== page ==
After months of division, Spaniard’s Bay is ready to move on from the controversies that have rocked the community in recent months.
© Photo by Nicholas Mercer/The Compass
Concerned Citizens committee chairman Robert Lundrigran (centre) addresses Spaniard's Bay town council during the March 14 regular meeting.
That’s the message Mayor Tony Menchions delivered after the town’s March 14 regular council meeting in the downstairs ballroom of the Municipal Building. After many of the some 60 people who attended the meeting had cleared out, Menchions spoke with an ease that hasn’t been heard in his voice for quite sometime.
“(The meeting) was very, very positive to say the least,” said the mayor. “We’re communicating, we’re all going the same direction and we’re all on the same page. There will be some small bumps here and there, but we’re moving forward.
“I’d say six months or a year from now, we’ll be able to look back and say, ‘this is where we were and this is where we are now.’”
The town has become proactive in address in the need for sensitivity training and updating its sexual harassment policies. Firefighter and town councilor Brenda Seymour went public late last year about instances where she felt sexually harassed while serving on the fire department.
Earlier this year, the majority of the firefighters resigned to support the resignation of Coun. Sheri Collins, who herself alleged Seymour was harassing her.
While these are seen as good steps, many of the positive vibes resonating through the room had to do with the presentation made by the newly formed concerned citizens committee.
Robert Lundrigan, the chair of the committee, spoke at length about the committee’s goals and what they’d like to see council accomplish going forward. He stressed that the committee does not want to replace council, but work with council to overcome the challenges faced by the community.
“Forget personal issues, we want leadership from you and we want you to have a vision moving forward,” said the retired educator. “We certainly want to support you in that.”
His presentation ran for upwards to 35 minutes and touched on a number of issues the committee would like to see addressed. They ranged from providing ample space for the public during meetings, as well as letting the public know about any meetings taking place through various forms of communication.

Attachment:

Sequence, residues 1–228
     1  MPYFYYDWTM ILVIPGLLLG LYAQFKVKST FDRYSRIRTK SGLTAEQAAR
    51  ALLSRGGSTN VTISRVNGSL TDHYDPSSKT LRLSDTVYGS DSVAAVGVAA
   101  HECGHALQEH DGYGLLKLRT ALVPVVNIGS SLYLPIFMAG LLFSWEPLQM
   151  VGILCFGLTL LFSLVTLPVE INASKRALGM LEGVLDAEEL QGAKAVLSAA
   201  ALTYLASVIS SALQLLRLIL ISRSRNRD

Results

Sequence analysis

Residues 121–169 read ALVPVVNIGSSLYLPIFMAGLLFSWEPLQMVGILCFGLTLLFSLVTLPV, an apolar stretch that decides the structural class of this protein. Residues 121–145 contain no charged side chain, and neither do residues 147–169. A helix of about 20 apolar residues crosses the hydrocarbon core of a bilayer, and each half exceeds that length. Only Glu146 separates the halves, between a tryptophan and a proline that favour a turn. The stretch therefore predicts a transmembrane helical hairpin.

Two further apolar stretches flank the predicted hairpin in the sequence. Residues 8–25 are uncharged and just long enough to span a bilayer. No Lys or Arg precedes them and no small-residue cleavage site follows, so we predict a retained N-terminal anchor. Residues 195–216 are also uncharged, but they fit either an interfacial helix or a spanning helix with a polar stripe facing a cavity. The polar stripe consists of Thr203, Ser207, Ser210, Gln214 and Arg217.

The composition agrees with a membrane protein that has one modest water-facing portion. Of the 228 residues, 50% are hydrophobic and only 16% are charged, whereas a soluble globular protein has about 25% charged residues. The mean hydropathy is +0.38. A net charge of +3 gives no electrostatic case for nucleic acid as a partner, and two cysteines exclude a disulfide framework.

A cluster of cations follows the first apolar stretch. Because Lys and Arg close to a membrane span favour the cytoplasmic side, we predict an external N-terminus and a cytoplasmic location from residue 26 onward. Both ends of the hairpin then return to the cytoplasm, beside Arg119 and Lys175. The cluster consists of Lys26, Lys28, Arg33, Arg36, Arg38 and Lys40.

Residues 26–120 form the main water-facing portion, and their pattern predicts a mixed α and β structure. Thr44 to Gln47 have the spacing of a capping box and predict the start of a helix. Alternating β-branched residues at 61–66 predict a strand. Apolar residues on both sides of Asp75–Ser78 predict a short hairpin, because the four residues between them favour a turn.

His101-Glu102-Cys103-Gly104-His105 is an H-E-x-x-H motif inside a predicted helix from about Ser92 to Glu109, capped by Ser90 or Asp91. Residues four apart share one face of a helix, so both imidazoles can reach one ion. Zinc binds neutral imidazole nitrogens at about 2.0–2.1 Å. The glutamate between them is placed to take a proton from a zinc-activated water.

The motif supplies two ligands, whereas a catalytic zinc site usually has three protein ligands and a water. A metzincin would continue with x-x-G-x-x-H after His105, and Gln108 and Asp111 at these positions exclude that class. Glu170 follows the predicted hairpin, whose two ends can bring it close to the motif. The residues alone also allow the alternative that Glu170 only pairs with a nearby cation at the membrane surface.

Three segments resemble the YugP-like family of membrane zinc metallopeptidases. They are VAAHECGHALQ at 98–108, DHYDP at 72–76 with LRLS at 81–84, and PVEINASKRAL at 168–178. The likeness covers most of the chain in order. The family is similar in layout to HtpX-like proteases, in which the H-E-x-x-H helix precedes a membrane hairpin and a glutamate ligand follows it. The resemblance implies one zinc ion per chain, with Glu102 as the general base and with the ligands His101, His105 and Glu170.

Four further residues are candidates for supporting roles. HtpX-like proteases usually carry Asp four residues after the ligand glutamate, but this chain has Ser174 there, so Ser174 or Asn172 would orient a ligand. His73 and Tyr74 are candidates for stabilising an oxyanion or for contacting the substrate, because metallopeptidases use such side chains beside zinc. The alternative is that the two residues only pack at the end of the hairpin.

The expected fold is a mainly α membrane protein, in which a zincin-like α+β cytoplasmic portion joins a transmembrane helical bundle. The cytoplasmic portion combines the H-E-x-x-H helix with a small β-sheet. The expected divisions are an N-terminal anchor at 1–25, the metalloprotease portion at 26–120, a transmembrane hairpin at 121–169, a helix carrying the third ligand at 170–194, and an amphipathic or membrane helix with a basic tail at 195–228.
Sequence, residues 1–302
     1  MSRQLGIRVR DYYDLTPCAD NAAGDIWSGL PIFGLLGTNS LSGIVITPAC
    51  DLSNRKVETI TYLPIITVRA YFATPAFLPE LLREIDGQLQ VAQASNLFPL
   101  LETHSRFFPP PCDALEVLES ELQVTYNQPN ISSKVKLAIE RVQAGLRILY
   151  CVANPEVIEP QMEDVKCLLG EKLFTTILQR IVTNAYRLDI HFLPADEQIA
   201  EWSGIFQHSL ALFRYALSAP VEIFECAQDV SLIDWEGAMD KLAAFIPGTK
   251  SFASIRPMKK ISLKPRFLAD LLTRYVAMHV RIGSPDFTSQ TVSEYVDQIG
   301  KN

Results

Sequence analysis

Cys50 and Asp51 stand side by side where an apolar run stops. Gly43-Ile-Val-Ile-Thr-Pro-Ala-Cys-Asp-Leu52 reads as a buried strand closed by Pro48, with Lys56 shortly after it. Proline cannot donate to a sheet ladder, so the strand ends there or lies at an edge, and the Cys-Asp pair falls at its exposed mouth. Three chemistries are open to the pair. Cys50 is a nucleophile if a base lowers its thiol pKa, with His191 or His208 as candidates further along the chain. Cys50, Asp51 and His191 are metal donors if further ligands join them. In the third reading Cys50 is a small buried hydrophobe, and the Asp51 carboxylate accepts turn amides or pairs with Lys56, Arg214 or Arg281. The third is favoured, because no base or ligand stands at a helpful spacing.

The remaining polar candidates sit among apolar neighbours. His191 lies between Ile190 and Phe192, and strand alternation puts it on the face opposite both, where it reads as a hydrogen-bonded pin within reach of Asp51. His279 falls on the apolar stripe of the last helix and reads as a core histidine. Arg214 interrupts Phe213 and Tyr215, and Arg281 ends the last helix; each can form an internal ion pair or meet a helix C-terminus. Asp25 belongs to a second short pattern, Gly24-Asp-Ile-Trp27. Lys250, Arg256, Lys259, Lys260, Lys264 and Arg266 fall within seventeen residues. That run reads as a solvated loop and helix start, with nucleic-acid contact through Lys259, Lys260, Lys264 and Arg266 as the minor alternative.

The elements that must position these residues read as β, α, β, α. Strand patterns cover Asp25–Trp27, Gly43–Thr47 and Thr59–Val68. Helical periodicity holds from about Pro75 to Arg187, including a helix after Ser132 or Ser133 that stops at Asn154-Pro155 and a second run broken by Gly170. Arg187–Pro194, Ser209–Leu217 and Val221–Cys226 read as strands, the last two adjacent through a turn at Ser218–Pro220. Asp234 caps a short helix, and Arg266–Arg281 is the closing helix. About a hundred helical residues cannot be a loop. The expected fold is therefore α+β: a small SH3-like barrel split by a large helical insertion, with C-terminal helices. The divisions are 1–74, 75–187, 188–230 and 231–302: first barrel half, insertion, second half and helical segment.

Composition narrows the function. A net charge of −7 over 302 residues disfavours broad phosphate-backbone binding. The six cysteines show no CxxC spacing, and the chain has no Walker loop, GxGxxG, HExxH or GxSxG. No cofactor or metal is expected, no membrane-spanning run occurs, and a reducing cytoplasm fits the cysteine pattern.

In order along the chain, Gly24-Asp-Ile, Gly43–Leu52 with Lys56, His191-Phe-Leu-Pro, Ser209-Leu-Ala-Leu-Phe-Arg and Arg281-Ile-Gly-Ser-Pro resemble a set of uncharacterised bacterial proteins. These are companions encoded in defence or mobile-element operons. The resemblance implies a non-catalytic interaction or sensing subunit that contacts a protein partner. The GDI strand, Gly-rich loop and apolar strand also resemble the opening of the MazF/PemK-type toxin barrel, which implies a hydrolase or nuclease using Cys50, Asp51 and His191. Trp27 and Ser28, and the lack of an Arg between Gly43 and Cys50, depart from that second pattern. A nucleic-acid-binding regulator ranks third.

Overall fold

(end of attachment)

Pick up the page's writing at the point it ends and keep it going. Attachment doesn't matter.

Lundrigan also listed the need to offer sensitivity training for any member of the community who is interested in it, as well as the completion of the review into the fire department.
“In order to bring closure to this most difficult chapter in our town’s history and to allow us to move forward, we submit that the review must be done and it must include a significant focus on the role of town council in this affair,” he said. “A process that should’ve worked didn’t. We should know what went wrong and we need to ensure people are held accountable or exonerated.”
Apart from Lundrigan’s presentation to council, most of the heavy lifting was done by embattled councillor Seymour.
She tabled a couple of motions regarding to the Spaniard’s Bay fire department, one of which would see the suspension of the council liaison with the brigade. Fire Chief Curt Roberts would report directly to council either in writing or in person.
“That comes from the chief himself,” said Seymour. “(Roberts) wants to eliminate the chances of any communication breakdown.”
She also tabled a motion that would have the town put out a public announcement that would advise people not to obstruct members of the fire department from doing their jobs during an emergency call.
At an earlier meeting this month, some residents expressed their desire to keep Seymour and her husband Martin, also a firefighter, off their property should an emergency occur.
Meanwhile, Spaniard’s Bay hopes to have it fire department up and running either later this week once the Fire and Emergency Services NL signs off on it.
At the tail end of the meeting it was also revealed that town manager Tony Ryan will be returning on a full-time basis.
When the meeting wrapped up, there was a clear sense things were finally starting to look up after all the in fighting that consumed the town since the middle of January.
“We’re after going through one of the hardest times in Spaniard’s Bay’s history and I think we’re doing okay,” said Menchions. “We’re on the other side of the coin and we’re moving forward.”